Last week, stung by bad publicity, npower backed down. The villagers had just started to celebrate when they made a shocking discovery: they now feature on an official list of domestic extremists.
In “Don’t Get Fooled Again” I highlight the extent to which government demands for “sweeping new powers”, ostensibly to protect public security, often lead to those powers being used in ways far beyond those originally intended. One among many recent examples was the use of anti-terrorist legislation to freeze Icelandic assets in the UK.
Now counter-terrorism police have arrested the Conservative shadow Home Office minister Damian Green, after he published documents recently released by a government whistle-blower. Green was charged with “aiding, abetting, counselling or procuring misconduct in public office”.
Following his release on bail, Damian Green said:
“I was astonished to have spent more than nine hours under arrest for doing my job. I emphatically deny that I have done anything wrong. I have many times made public information that the government wanted to keep secret, information that the public has a right to know.
“In a democracy, opposition politicians have a duty to hold the government to account. I was elected to the House of Commons precisely to do that and I certainly intend to continue doing so.”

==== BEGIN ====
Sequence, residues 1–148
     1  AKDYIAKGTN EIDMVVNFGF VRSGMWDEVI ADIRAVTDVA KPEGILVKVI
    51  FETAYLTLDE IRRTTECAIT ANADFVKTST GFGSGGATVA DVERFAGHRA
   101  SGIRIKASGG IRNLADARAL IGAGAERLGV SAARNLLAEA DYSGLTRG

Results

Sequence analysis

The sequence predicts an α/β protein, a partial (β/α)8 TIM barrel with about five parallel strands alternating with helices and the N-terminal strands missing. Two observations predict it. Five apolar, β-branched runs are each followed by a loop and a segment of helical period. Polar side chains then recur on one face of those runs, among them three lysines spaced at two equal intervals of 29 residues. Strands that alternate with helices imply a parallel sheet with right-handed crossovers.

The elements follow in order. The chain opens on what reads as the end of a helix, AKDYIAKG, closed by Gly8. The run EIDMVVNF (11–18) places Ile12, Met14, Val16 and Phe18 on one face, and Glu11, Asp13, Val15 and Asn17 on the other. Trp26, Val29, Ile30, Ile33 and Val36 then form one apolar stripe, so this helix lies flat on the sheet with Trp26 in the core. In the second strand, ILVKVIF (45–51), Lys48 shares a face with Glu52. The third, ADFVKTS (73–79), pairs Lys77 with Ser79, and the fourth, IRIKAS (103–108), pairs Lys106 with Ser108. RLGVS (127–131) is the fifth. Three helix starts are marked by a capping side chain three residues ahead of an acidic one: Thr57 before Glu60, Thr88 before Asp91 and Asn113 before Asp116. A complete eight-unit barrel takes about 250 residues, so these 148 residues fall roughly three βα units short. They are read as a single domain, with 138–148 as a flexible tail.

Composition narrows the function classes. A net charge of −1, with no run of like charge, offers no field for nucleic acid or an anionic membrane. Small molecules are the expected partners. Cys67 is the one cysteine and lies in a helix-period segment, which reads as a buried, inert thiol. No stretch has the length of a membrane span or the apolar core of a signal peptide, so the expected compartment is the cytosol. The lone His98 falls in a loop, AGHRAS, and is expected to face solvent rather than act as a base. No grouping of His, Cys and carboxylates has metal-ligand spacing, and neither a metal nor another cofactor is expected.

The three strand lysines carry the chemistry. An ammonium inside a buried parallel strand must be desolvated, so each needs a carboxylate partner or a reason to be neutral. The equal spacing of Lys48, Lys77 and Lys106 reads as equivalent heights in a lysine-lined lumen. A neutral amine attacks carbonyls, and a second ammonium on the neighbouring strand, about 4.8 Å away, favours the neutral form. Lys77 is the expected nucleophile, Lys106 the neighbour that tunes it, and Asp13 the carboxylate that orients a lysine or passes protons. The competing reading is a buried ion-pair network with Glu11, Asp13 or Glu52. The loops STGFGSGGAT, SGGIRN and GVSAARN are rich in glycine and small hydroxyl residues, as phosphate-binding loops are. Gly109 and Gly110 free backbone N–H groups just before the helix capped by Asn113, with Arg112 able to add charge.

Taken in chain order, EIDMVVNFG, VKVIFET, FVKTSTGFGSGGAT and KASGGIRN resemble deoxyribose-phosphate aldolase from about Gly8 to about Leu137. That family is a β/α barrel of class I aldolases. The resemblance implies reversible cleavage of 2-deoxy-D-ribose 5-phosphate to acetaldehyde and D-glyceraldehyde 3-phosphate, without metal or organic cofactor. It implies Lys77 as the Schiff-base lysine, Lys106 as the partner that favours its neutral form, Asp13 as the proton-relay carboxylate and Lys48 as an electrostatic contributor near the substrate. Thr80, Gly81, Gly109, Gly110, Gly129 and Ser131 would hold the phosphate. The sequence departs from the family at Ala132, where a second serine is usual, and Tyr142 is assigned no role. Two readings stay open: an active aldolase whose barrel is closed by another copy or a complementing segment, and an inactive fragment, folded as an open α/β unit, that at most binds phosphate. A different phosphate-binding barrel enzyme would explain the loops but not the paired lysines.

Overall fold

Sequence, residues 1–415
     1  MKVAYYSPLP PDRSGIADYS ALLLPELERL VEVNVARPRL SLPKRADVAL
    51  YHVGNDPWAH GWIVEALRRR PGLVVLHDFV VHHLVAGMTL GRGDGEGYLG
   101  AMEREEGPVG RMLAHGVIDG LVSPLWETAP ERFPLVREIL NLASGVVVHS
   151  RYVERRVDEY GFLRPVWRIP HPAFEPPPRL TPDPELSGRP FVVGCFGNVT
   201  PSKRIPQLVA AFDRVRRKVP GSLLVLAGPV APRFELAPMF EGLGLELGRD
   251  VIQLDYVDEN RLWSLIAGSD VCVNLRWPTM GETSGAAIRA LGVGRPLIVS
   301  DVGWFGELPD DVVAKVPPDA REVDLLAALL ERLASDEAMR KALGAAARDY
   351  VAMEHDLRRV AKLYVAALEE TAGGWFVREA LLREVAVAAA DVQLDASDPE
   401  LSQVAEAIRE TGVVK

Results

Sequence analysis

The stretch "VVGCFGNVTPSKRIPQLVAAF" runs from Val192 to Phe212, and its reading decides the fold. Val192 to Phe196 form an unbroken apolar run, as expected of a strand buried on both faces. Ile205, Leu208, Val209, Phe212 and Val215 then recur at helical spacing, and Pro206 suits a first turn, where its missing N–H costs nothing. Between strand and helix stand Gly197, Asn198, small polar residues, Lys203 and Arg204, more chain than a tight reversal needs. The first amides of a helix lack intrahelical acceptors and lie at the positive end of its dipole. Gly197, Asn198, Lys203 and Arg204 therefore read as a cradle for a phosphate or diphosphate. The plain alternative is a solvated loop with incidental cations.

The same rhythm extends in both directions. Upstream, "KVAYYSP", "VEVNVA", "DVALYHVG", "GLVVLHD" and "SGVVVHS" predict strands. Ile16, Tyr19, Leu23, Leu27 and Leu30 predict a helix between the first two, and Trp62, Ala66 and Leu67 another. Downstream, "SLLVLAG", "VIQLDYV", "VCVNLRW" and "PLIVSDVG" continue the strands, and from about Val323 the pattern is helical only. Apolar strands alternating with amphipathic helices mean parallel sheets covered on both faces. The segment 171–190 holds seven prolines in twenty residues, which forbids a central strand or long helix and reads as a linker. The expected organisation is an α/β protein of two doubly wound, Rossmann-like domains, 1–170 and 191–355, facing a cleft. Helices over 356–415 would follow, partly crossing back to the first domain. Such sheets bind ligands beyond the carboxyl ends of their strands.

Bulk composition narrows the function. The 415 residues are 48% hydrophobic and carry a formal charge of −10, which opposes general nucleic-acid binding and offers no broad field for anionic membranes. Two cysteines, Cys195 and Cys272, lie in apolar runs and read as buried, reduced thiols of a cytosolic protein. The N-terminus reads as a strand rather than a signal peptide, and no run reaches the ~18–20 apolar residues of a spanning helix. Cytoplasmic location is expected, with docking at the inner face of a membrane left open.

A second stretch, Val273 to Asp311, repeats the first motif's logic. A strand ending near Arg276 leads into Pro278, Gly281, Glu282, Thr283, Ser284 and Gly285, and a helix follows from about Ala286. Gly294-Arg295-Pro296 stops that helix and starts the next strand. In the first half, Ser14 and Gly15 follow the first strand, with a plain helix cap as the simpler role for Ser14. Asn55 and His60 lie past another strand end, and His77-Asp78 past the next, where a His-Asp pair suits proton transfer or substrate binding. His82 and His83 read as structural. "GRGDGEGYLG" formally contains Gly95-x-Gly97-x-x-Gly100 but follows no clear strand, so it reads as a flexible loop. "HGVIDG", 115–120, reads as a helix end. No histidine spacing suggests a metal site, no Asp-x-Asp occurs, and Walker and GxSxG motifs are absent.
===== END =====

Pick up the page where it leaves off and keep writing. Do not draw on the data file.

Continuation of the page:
Interestingly, this charge closely resembles the spurious case brought against the local journalist Sally Murrer, in an apparent attempt to intimidate the police whistleblower Mark Kearney. According to the Press Gazette, Murrer was charged with aiding, abetting, counselling or procuring Kearney to commit the offence of “misconduct in a public office”.
A few weeks ago I wrote about the aggressive campaign by church-funded lobby groups for the lifting of the International Criminal Court’s war crimes indictments against Uganda’s “Lord’s Resistance Army” rebels.
Now a Ugandan government spokesman has accused the Catholic aid charity Caritas of providing food and medical supplies to the LRA, a proscribed terror group who are continuing to kill and abduct civilians despite repeated attempts to persuade them to make peace.
According to Prof. Tarsis Kabwegyere, Uganda’s Minister for Disaster Preparedness, the ongoing material supplies from humanitarian agencies were helping the group to perpetuate the conflict, and he singled out the Catholic NGO Caritas for particular criticism:
Caritas should stop giving food to the rebels so that they get under pressure to sign the peace agreement. But as long as they continue to get supplies, they will see no reason of ending rebellion
There is a moral question on why [LRA leader] Kony continues to receive food. Whoever is sending food to the jungles is committing a mortal sin, especially if they are Christians.
The supplying of food and medicines by western aid agencies to demobilised ex-combatants is relatively common, as a first step towards reintegration into society. But the gifting of material support to an armed group which is still actively engaged in attacks on civilians seems like a whole different matter.
A church led initiative led to the creation in 2000 of the Ugandan amnesty commission, offering a blanket pardon to any member of the group who laid down their arms, but the leadership continued to hold out until they were indicted by the International Criminal Court in 2005. Since then, the group has been focussed on getting the indictments lifted, a cause in which they have gained considerable support from the Catholic Church and other Christian organisations.
The Caritas website appears to make no mention of support being given to the LRA.